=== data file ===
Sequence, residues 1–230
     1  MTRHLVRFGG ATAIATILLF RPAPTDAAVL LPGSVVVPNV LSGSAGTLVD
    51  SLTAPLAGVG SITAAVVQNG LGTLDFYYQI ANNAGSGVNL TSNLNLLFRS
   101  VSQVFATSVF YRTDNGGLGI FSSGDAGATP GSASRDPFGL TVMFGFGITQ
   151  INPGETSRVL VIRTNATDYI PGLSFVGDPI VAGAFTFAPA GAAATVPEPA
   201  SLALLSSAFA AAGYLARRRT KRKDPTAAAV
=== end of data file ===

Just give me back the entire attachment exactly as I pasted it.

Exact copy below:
Sequence, residues 1–230
     1  MTRHLVRFGG ATAIATILLF RPAPTDAAVL LPGSVVVPNV LSGSAGTLVD
    51  SLTAPLAGVG SITAAVVQNG LGTLDFYYQI ANNAGSGVNL TSNLNLLFRS
   101  VSQVFATSVF YRTDNGGLGI FSSGDAGATP GSASRDPFGL TVMFGFGITQ
   151  INPGETSRVL VIRTNATDYI PGLSFVGDPI VAGAFTFAPA GAAATVPEPA
   201  SLALLSSAFA AAGYLARRRT KRKDPTAAAV